NK: It could be tomorrow. I don’t get comfortable. When I joined Artisan, we were in a position where I would introduce myself and people had no idea, and people had no idea who we were. They had never heard of us before. Today I get phone calls from people who say “everybody’s saying your name”, which is just the most wonderful thing someone can say to you. That has been done through force of will by all of the people on my team. I am fortunate enough that I get to be the face, but there are a lot of other people pushing this boulder up the hill together. And we do it every day. Part of that I think has made us so sensitive to the fact that you can slide fast. You can lose it like that. And we don't get cocky or comfortable or complacent. I keep looking in that rear view mirror to see who’s coming up behind us. We were the nobodies and now people know our name. That doesn’t mean that’s forever. We could lose it just as quickly as we got it. We have to keep listening to our clients. We have to keep building. As much as it would be lovely to say “Okay, we’ve built and built and built, and now we’re going to take a moment and breathe”— we can’t! We had a development meeting a few nights ago and I think there was a hope we could maybe round out some development 2019 and call it a day and our developers could breathe and we could just do data mapping for new clients—- no. There’s so many people who want to integrate. There are so many new projects and new ideas and patient experiences. We have to keep rolling. We are going to roll harder and faster. We need to keep hiring more developers and keep moving down a path so we don’t lose the momentum we’ve built. It is up for the taking. Someone else could do it the way we did it. If we get comfortable, we will end up like everybody else. We just don’t sit down. We just keep standing. We keep pushing that boulder. We keep listening to our clients. We keep listening to what makes people unhappy in their other systems. Stay alive and be grateful and thankful to the people like you, who give us a platform to speak. And people like Dr. Beltsos, who wants us to speak at Midwest, and just keep showing up! That’s our plan.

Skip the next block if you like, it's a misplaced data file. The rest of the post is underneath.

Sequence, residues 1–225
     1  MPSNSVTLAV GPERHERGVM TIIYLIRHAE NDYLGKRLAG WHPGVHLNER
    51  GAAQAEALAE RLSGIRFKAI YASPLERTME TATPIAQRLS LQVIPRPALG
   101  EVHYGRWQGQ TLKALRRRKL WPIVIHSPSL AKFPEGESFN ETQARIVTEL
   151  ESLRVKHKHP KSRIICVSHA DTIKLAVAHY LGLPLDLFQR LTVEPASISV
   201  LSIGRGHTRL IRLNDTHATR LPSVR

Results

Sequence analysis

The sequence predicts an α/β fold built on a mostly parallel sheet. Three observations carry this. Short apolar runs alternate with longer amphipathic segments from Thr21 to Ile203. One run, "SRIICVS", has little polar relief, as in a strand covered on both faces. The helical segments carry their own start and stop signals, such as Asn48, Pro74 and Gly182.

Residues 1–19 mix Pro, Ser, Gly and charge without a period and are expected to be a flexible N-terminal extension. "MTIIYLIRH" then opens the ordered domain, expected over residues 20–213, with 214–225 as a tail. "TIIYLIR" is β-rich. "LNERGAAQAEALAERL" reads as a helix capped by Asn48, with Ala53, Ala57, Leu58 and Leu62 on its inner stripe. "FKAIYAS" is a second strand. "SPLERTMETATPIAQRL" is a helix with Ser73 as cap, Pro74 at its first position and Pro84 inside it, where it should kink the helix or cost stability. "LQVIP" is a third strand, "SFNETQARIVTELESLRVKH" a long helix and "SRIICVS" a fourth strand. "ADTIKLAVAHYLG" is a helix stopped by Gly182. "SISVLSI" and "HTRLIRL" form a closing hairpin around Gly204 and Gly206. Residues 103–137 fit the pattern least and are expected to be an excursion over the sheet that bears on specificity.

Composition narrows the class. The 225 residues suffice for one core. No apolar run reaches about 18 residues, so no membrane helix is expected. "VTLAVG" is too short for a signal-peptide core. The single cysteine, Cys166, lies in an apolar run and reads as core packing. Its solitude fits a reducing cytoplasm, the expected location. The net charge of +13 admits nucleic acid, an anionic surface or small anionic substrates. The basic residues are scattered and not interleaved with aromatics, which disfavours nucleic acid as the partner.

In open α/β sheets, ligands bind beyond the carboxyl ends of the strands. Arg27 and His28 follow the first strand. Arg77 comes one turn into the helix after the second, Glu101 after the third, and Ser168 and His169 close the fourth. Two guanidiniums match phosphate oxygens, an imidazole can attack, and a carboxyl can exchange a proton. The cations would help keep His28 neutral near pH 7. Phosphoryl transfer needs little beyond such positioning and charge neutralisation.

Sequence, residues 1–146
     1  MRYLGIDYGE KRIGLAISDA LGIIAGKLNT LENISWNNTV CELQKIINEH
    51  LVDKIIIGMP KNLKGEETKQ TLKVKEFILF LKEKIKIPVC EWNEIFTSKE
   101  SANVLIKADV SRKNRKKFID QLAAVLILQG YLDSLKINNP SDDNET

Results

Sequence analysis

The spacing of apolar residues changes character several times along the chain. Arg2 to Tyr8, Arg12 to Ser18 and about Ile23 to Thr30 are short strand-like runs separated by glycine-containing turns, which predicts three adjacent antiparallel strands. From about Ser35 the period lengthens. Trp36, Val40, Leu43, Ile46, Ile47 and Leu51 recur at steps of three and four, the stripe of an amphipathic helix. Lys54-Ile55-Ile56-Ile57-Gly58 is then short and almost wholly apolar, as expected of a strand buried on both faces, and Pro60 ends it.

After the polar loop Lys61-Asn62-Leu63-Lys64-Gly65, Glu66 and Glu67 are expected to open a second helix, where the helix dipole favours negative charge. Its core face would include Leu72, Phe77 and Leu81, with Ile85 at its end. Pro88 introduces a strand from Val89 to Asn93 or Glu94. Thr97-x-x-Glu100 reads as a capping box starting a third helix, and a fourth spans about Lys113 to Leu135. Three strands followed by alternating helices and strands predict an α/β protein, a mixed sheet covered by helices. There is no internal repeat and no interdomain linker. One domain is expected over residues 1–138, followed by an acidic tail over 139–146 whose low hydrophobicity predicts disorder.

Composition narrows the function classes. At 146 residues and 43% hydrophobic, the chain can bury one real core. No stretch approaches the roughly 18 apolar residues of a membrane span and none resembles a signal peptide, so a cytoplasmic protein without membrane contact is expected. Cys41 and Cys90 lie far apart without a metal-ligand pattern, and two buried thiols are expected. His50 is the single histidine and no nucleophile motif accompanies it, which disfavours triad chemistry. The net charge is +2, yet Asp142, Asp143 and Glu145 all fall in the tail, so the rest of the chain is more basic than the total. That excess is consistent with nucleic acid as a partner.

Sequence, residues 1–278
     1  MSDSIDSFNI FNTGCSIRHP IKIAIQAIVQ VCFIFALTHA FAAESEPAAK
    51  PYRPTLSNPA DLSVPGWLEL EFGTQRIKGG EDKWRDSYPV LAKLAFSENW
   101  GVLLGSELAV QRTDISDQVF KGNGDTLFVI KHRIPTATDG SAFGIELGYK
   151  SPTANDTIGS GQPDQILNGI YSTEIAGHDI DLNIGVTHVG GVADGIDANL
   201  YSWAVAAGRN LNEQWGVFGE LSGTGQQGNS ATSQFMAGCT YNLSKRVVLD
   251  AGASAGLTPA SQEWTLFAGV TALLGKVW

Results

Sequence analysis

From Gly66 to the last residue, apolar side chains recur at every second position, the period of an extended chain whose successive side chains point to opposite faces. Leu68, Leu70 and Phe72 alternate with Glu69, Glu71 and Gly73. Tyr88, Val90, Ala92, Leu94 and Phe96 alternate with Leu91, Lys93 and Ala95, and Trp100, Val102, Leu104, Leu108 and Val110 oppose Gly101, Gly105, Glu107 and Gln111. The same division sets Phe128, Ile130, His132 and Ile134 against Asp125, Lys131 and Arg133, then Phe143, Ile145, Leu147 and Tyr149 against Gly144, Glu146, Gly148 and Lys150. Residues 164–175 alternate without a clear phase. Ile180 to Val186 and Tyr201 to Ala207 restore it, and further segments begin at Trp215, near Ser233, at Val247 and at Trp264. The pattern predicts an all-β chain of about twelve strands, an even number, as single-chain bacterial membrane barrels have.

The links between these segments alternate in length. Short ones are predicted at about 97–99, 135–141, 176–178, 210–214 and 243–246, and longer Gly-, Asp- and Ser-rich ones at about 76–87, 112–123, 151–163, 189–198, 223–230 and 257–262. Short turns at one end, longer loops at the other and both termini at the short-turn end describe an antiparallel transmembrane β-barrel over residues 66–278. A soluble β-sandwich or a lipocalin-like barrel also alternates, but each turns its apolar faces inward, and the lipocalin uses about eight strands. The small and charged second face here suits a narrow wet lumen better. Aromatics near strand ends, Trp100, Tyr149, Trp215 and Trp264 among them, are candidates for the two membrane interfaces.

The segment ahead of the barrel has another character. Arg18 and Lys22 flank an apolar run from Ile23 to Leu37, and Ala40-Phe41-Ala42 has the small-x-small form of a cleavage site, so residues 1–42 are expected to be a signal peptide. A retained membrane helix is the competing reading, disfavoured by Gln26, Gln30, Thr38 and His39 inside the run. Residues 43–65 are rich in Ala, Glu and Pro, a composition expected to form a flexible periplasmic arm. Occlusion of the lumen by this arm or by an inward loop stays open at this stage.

GJ: That is such a philosophy to live by. And that was a very lovely compliment to that person or those people who paid you. I was just recently paid a very similar one of— you know, five years ago nobody knew who I was, I have been here the same amount of time you have— and now a lot of people know who I am and who my company is. But it doesn’t matter. You are only as good as your last act. Somebody could come out with a better podcast tomorrow. Somebody could come out with a bigger agency or anything tomorrow. I will not settle for “That’s pretty good, we’ve got this many clients, and really effective work, and people are really happy” — that’s not good enough. That’s just the beginning. There is no time to rest right now. Practice owners that I have conversations with and see that they are in the most trouble, are those that think. “I am just not paranoid enough for you, man.” Whenever I hear somebody be a little too cavalier with what they talk about their competitors— that is a criticism that I have very often of practice owners, that they’ve just got these blinders on of who they are vs. what the other practice is. “They do things like that. They have a lousy success rate.” They are probably pretty similar in a lot of different capacities. They might be really different in others. But certainly not enough to rest one’s laurels on. Those are the people that are comfortable. If you’re a fertility practice owner in a small market, where there’s no competition— now I am specifically talking to you. A lot of these big markets have been saturated. A lot of these larger groups are going to think “you know what, there’s not a ton of cycles in Omaha, NE. I don’t know if we’ll practice in Omaha” - just using it as an example. Let’s go do 200 more in Omaha and let’s go do 300 more in Kansas City. That’s where the next round of heat is going to come from. Especially market’s 1-5— they’ve always been very competitive— New York, Chicago, LA— since they’ve always been super competitive, we’ve seen the heat turn up in Houston and Dallas and Orlando in the last decade. I think the next round, where people are going to start to feel competition and pressure, is in the small markets. What do you see?